BTRIPP (btripp) wrote,

Uncertainty, Chaos, and Luck

This is another case of my seeing a book discussed online and reaching out to the publisher for a copy, this time the good folks at HarperCollins. The concept behind Jim Collins and Morten T. Hansen's Great by Choice: Uncertainty, Chaos, and Luck--Why Some Thrive Despite Them All sounded sufficiently intriguing that I wanted to see what it was about – as I was aware that there were people and companies that had made their fortunes in very dark times, and I was hoping that I might find out some “secrets” of that sort of performance in the current economic abyss.

Anyway, the main thrust of the book is based on a study that the authors did of companies that out-performed their competition by an order of magnitude, thus being the “10Xers” of the book's terminology. They started out with a list of 20,400 companies and narrowed that down, through 11 levels of filters, to a final group of seven … which had out-performed their industries anywhere from 11.2X all the way up to a whopping 550.4X (Southwest airlines, thriving in a time when their competitors where dropping left and right). The study looked at “dynastic eras” of the various companies, all ending in 2002, but starting as early as 1968 and as late as 1980, and each company is paired with a reference competitor. The list is about half well-known names (Microsoft, Intel, Progressive, Southwest), and half more obscure firms.

The “10Xers” are analyzed according to a formula graphed out on a triangle made out of four other triangles, each representing one typical behavior trait of these companies: “Fanatic Discipline”, “Empirical Creativity”, “Productive Paranoia”, and something called “Level 5 Ambition” (this was a concept arising from another study, and generally indicates leaders who are “incredibly ambitious, but their ambition is first and foremost for the cause, for the company, for the work, not themselves). Great by Choice walks through these four traits, looking at the details of each.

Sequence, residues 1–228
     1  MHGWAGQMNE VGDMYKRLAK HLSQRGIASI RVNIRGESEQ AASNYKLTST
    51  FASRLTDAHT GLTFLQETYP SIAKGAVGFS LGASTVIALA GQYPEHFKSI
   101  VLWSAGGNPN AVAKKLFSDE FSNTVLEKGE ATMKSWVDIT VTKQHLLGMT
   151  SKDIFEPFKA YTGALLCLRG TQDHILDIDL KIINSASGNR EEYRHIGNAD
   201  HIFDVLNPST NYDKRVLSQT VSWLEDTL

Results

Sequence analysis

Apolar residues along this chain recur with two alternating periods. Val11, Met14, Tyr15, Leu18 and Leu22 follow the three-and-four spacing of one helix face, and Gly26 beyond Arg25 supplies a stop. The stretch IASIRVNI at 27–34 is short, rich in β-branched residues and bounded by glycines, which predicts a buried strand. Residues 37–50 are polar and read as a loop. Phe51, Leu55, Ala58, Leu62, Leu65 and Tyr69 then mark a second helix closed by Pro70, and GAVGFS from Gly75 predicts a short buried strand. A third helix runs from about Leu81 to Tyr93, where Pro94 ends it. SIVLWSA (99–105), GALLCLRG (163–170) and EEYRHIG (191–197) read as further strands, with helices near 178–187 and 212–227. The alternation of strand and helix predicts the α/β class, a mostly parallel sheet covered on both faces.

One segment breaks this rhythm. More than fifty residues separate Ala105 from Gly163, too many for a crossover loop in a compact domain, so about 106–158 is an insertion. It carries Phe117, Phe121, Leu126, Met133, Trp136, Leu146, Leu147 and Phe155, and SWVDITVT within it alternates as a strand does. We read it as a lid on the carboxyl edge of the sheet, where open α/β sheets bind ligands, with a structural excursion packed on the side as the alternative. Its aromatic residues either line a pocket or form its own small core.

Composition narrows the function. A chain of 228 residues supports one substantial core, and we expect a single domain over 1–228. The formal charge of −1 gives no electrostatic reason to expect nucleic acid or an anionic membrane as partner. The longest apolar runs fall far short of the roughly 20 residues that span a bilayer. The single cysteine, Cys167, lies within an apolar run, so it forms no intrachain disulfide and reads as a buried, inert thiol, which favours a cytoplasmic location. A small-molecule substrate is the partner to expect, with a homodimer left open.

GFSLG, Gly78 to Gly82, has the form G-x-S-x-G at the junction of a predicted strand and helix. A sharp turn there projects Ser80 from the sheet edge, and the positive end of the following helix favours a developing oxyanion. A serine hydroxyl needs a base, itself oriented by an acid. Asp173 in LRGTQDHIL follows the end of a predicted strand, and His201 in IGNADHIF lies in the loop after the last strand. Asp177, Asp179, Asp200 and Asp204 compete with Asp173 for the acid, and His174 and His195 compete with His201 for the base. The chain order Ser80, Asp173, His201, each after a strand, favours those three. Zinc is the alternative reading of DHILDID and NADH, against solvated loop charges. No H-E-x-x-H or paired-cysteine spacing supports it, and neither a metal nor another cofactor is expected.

In the “Fanatic Disciple” section, the authors introduce the concept of the “20 Mile March”, a regular and focused expenditure of effort to achieve specific goals over time, with the imagery tied into what is needed to successfully make a very long-distance trek.
A good 20 Mile March has the following seven characteristics:
          1. Clear performance markers.
          2. Self-imposed constraints.
          3. Appropriate to the specific enterprise.
          4. Largely within the company's control to achieve.
          5. A proper timeframe – long enough to manage, yet short enough to have teeth.
          6. Imposed by the company upon itself.
          7. Achieved with high consistency.
What the researchers found surprising was that the 10X companies frequently “left money on the table”, not rushing after “low hanging fruit” like their competition did … they achieved their “20 mile” goals, and set up to reach the next 20 miles. This dedication enabled Progressive to achieve “underwriting profit” in 14 out of 16 years, and Southwest be profitable 30 out of 30 years.

The concept used to illustrate the “Empirical Creativity” triangle is “Fire Bullets, Then Cannonballs” and deals with innovation. Oddly, the most successful companies turned out to not be the most innovative, but the ones whose major pushes were best targeted. The concept here of “bullets” are ventures that are low cost, low risk, and low distraction efforts that allow the companies to calibrate their approaches and only fire successful “cannonballs”. Everybody can come up with examples of “What were they thinking?” moments for major corporations, where some huge initiative went horribly wrong … those would be “misfired” cannonballs. Using small test cases to see what works avoids potentially disastrous expenditures on major projects. Again, the 10X companies were typically not the most innovative, but the ones who coupled creativity with discipline. Additionally, there appears to be a “threshold of innovation” in each industry, which a company needs to exceed to be successful, but, once past that line, additional innovation has little effect. Also, what sort of spending consists a “bullet” and what a “cannonball” is highly variable between industries … a publisher might put out a book in a new niche for a few thousand dollars, while an airline would be tying up millions in new aircraft.